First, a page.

Kitty, who often quoted one of the key beliefs of FNS that “all health care begins with the care and education of the mother,” maintained strong ties with FNU throughout her life. She served on FNU’s Board of Directors from 1975-2021 and was awarded an honorary doctorate from FNU in 2011. Kitty also occupied the first endowed chair in the profession, the Mary Breckinridge Chair of Midwifery.
Kitty is revered not only by FNU but by other institutions as well. She served as the president of the American College of Nurse-Midwives (ACNM) from 1961-63 and again from 2007-2008. Beginning in 1998, ACNM annually presents the Kitty Ernst Award to “an exceptional, relatively new CNM/CM who is an ACNM member, has been certified for less than ten years and has demonstrated innovative, creative endeavors in midwifery and/or women's health clinical practice, education, administration, or research.”
The criteria for the ACNM Kitty Ernst Award is befitting of Kitty’s contributions to the profession. She was a leader in education and administration, conducting the first wave of accreditation for nurse-midwifery education programs and developing the first “What is a Nurse-Midwife” brochure. Over the course of her career, she published valuable information defining the role of a nurse-midwife and played a crucial role in the first accreditation of nurse-midwife programs in the U.S. As the Director of the pilot Community-based Nurse-Midwifery Education Program (CNEP), she developed a model for meeting the overwhelming need for experienced birth center nurse-midwives committed to innovative family-centered maternity.
Kitty’s impact spread far and wide. She traveled across the U.S. and abroad to Germany, Scotland, Hungary, Belgium, Russia, and Haiti to provide consultation and workshops on the midwifery model of care in birth centers.
Kitty’s many accolades included the Martha Mae Elliot Award for Exceptional Health Service to Mothers and Children from the American Public Health Association. ACNM presented Kitty with the Hattie Hemschemeyer Award, which honors an exceptional certified nurse-midwife or certified midwife who is an ACNM member who has provided continuous outstanding contributions or distinguished service to midwifery. She received the Childbirth Connection Medal for Distinguished Service and was awarded the Maternity Center Association's Carola Warburg Rothschild Award, which recognizes outstanding contributions to the health and well-being of women and their families.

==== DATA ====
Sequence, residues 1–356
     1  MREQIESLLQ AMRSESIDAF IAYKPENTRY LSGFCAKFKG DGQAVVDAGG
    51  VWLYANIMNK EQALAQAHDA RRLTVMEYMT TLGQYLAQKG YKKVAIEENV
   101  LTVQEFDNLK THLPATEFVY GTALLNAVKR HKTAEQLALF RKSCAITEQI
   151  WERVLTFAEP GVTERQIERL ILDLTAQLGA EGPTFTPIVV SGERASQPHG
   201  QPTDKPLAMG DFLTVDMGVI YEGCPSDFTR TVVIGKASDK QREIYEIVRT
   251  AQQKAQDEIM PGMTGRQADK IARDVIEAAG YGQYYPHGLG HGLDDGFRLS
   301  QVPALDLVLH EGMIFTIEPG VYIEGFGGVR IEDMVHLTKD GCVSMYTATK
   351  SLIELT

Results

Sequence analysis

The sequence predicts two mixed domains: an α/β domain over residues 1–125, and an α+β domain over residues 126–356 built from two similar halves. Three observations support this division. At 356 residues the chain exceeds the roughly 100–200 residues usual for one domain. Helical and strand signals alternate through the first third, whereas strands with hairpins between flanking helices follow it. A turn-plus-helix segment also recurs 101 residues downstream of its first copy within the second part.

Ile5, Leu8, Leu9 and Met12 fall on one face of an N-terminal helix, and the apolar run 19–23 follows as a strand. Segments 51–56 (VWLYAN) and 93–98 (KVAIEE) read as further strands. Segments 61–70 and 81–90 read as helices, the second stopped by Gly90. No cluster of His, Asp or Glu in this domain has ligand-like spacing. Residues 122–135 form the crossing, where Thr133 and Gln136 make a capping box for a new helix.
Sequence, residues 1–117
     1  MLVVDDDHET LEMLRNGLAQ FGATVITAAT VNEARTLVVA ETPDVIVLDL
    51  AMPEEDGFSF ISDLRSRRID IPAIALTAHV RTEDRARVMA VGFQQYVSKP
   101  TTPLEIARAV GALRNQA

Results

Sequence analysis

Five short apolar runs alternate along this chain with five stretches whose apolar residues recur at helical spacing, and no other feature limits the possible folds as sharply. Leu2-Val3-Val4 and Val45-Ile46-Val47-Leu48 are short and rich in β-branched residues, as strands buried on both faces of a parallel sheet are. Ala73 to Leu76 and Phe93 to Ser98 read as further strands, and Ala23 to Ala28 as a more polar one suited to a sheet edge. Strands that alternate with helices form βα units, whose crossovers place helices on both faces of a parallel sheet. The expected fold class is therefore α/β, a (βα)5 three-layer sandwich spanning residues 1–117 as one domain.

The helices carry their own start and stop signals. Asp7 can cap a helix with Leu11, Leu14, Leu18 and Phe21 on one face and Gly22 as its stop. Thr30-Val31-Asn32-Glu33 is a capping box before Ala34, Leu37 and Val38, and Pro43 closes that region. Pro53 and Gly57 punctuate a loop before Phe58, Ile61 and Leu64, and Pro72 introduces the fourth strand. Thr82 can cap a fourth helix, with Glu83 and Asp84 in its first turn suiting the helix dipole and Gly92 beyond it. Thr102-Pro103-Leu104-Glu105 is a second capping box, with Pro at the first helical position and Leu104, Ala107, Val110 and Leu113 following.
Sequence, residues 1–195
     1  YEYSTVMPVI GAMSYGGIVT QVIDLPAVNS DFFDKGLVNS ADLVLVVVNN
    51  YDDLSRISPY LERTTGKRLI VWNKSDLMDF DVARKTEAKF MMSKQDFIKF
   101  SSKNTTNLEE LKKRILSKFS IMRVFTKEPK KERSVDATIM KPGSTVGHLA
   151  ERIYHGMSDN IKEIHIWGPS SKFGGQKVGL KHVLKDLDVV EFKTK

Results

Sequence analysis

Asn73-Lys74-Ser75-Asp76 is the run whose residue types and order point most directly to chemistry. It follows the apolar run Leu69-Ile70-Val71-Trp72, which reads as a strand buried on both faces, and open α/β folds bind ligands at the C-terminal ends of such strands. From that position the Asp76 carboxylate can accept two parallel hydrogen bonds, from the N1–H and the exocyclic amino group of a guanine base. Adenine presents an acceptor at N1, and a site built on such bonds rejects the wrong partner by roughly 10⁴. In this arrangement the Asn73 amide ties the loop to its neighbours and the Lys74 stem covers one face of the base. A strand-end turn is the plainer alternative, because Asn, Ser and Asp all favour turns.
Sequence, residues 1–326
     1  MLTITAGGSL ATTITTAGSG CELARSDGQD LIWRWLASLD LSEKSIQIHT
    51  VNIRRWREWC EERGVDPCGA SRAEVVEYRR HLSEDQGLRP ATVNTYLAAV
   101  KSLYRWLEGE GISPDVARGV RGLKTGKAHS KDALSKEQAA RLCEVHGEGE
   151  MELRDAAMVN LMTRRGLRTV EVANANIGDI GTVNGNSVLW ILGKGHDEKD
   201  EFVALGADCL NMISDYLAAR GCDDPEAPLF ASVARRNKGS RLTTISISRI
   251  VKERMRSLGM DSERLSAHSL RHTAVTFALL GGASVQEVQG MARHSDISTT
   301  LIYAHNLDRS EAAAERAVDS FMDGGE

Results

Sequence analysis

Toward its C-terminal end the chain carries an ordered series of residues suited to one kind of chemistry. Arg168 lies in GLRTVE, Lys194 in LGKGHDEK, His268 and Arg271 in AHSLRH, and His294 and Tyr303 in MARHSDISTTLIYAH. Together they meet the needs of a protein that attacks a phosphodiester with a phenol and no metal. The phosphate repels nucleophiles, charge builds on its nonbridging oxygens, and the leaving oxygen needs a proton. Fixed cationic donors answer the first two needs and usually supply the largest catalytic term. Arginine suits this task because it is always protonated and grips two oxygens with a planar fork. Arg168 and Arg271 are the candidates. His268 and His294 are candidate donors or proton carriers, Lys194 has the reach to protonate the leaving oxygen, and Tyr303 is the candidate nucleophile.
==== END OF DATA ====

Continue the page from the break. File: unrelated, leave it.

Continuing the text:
Kitty’s impact was significant and everlasting upon every person she met and every organization she served. She was a dear friend, loyal supporter, inspirational leader, and was kind and gracious to all. We are thankful for her countless contributions to FNU and to midwifery. She will forever be part of the Frontier Nursing University community.
Kitty is survived by her children, Rosemary Senjem and her husband Marc of Woodbury, MN; Ted Ernst and his wife Kelly of Blandon, Kate Bauer of Perkiomenville, PA; her “adopted” daughter Susan Stone of Berea, KY, and her beautiful grandchildren Nicholas Ernst and his partner Elise, Darby and Sophie Bauer, Lara Senjem Villavicencio, Sam Senjem and his wife Diane, four great-grandchildren, and many nieces and nephews. In addition to her parents and husband, she was preceded in death by five brothers John, Malcom, James, Robert, and Kenneth Macdonald; three sisters, Rosemary Messerlian, Ann Stutenroth, and Sheila Macdonald; and her son-in-law, Don Bauer.
A Celebration of Kitty’s Life will be held at a date to be determined. To stay informed, please sign up for updates with this google form: https://forms.gle/RCayEYQmumwowuD97. In lieu of flowers, memorial contributions may be made to the Changemaker Fund at the AABC Foundation (https://www.aabcfoundation.org/changemaker). Falk Funeral Homes & Crematory in Pennsburg is in charge of her arrangements. To offer online condolences, visit her “Book of Memories” at falkfuneralhomes.com.